Though no one ever conclusively settled the question of whether or not Indians had as much, more, or less insanity than whites, statistics about the growing number of insane were on Hummer’s side. The various states had compiled statistics on the number of insane for many years, and the rate per 100,000 rose steadily each decade of the census. In 1840, 50.7/100,000 of the population were reported as mentally ill, while 169.7/100,000 were reported so by 1890.

The number of insane in hospitals (all races) had risen to 252.8/100,000 by 1920, though the census also shows that Indian hospitalization was only 104.5/100,000. The figures for Native Americans may have been skewed due to a lack of access to mental health care, or lack of room at state mental institutions or at the Canton Asylum. The Native American population stood at 244,437 in 1920. Even with their remarkably low rate of hospitalization for insanity (it was 259.8 for whites) Hummer could have conservatively estimated the number of insane Indians to be around 250. In 1920, Hummer had only 86 patients.

Patient Beds in Hallway Due to Overcrowding, Colorado Insane Asylum

Patients Working in Fields at Western North Carolina Insane Asylum, courtesy Western Piedmont Community College

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Stable Jobs

Dr. John Gray, Superintendent of the New York State Lunatic Asylum at Utica

Every insane asylum superintendent faced challenges that made the job more difficult. Lack of funds and overcrowding were two perennial problems, along with shallow labor pools and constant administrative tasks. Most superintendents had to take an active role in overseeing new construction, as well as drumming up support for it in the first place. Still, for many alienists, superintendent was still the plum job.

After taking time out for the Civil War, Dr. Patrick Livingston Murphy graduated as a physician from the University of Maryland at the age of 23. He settled in his home state of North Carolina, in Wilmington, and began his practice. He found “the routine of practice irksome” for some reason–he may have been bored by the types of cases he treated, or his practice may have been too small to support him. When he heard that there would be a new asylum in Broughton (the Western North Carolina Insane Asylum), Murphy immediately applied for a position at the Western Virginia Asylum to obtain experience. As soon as the Western North Carolina asylum opened, he applied for the superintendent’s position. He got it, and remained the asylum’s superintendent for the next 25 years.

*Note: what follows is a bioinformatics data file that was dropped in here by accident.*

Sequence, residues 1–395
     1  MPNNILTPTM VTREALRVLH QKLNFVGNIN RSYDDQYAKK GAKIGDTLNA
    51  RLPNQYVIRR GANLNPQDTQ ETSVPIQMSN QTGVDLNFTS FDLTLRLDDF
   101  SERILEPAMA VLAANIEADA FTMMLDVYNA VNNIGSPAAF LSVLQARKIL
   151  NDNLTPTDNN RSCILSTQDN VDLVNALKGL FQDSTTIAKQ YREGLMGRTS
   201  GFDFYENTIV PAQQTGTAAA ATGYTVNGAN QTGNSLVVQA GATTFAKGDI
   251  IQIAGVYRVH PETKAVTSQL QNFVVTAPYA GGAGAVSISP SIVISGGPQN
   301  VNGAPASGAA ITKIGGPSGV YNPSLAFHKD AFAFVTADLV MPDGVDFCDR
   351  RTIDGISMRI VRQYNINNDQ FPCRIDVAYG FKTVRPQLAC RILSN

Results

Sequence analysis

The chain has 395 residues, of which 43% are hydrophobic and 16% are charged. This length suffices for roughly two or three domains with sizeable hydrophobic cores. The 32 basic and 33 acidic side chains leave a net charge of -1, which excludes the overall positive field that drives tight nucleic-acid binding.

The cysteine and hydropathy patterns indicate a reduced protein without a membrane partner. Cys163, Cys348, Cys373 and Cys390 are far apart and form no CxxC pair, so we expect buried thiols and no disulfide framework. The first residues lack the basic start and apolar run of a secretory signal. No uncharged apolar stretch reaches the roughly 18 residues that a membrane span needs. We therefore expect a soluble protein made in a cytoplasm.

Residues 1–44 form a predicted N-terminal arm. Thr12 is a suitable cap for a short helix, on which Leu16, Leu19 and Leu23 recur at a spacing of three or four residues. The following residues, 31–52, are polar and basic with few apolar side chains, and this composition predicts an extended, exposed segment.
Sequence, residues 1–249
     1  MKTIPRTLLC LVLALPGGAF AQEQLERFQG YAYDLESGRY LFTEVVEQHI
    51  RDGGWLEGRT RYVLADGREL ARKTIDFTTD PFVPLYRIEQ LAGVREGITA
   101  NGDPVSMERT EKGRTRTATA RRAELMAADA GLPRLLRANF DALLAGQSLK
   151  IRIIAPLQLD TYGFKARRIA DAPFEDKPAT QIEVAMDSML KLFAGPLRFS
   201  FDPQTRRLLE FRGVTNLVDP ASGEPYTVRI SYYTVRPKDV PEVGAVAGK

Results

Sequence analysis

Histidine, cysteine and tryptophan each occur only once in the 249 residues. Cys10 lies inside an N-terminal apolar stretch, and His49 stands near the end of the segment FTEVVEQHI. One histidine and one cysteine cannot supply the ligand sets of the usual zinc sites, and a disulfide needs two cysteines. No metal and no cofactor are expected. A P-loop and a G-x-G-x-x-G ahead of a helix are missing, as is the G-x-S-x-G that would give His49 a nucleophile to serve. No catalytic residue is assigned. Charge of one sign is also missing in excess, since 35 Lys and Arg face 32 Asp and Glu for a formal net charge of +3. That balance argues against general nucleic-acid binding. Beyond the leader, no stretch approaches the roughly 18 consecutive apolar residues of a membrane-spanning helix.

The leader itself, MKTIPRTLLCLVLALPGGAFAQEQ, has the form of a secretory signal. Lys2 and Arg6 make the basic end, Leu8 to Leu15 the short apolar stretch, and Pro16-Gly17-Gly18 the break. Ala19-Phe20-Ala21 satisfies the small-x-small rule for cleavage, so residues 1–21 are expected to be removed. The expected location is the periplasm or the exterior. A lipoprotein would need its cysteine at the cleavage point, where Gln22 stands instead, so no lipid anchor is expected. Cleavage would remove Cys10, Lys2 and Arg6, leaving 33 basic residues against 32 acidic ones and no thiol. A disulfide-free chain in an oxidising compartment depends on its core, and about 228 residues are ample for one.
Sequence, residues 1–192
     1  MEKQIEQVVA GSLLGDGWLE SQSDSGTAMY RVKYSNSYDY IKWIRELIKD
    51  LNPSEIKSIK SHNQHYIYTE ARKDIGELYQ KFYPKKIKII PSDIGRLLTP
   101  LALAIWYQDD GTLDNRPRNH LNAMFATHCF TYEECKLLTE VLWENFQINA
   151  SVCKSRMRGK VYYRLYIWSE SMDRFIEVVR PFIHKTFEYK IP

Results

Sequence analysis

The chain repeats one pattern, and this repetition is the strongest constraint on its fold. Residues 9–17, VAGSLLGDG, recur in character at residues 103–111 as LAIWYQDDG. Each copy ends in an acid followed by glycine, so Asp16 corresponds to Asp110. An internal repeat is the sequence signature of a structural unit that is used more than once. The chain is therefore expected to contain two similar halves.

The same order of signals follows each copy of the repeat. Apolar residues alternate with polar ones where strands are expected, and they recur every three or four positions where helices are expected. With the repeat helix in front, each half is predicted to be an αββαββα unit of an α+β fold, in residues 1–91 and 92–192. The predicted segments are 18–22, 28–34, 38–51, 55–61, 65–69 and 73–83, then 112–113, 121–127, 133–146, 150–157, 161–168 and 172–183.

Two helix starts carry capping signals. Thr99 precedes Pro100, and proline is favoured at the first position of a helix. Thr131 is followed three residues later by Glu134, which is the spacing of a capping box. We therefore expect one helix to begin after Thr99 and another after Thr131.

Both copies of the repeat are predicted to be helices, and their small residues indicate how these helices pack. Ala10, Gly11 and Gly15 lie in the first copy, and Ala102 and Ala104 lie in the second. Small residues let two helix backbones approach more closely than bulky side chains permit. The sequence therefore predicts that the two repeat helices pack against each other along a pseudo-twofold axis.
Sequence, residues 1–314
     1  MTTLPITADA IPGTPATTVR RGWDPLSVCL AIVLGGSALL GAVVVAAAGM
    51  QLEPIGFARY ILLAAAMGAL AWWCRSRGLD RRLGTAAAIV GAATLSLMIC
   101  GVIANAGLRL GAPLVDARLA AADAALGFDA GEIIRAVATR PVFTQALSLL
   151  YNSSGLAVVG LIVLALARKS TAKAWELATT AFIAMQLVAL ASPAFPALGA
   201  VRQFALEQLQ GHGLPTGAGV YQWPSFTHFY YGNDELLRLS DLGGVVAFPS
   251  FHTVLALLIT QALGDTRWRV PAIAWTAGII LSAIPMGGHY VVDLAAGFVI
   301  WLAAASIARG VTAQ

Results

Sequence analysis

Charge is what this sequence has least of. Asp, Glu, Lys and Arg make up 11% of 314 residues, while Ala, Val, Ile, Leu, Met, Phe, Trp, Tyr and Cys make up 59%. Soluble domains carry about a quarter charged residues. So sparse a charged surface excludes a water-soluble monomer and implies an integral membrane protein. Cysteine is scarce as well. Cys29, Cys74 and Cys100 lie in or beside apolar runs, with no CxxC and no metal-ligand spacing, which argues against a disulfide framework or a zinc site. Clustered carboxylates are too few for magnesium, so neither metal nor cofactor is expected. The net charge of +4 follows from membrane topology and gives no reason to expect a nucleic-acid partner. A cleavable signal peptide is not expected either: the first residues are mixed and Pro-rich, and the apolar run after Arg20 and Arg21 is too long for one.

Western North Carolina Insane Asylum, circa 1886, courtesy Burke County Public Library

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Slow to Change

Western North Carolina Insane Asylum

Early alienists knew little about why a person became insane, but they were always willing to guess. The superintendent of Western North Carolina Insane Asylum reported on the causes for admission to the facility in 1888. They included: the Civil War, disappointment, jealousy, menstrual irregularity, nostalgia, and political excitement. In 1908, the same asylum listed these causes for admission: brooding over sin, cigarette smoking, climacteric worry, desire to marry, ear disease, fear of child-birth, fear of pregnancy, fright, and hard work and nose bleed.

We seem to be living in more enlightened times, but today’s psychiatric profession has its own absurdities. The current Diagnostic and Statistical Manual of Mental Disorders lists “caffeine-induced sleep disorder” and “mathematics disorder” as valid mental illnesses. Their list has risen from 265 recognized disorders in 1980 to 365 today.

Insane Asylum, Phoenix, Arizona

Patient in an Insane Asylum, photographed by Dr. Hugh Welch (Britain)

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Dying Insane

Bromide Advertisement

Many patients at insane asylums had physical, as well as mental, health problems. Epilepsy was a particular problem for doctors, who could not even control the condition until bromides were introduced to calm symptoms. Aside from the usual causes of death like heart failure or exhaustion, patients sometimes died from suicide, or after a violent episode with attendants or fellow patients in which rough treatment could have been a contributing factor. One patient at Southwestern Lunatic Asylum in Virginia died from “swallowing pins, needles, and buttons, to which she was much addicted.” Another unusual cause of death, at Western North Carolina Insane Asylum, was from “gangrene of external genitals.”

The minutes of an 1892 meeting of  Southwestern Asylum’s executive committee discussed the death of an inmate who had simply walked off the grounds one day in the middle of  December. Staff searched for him unsuccessfully, and his body was discovered two weeks later, some distance from the asylum. He had doubtless died of exposure. Though they deplored the man’s death, the committee decided that they would rather allow patients a degree of freedom and risk such an incident, as deprive all of freedom on the off chance that someone else might escape in the future.

 

Southwestern Lunatic Asylum

Western North Carolina Insane Asylum, circa 1886, courtesy Burke County Public Library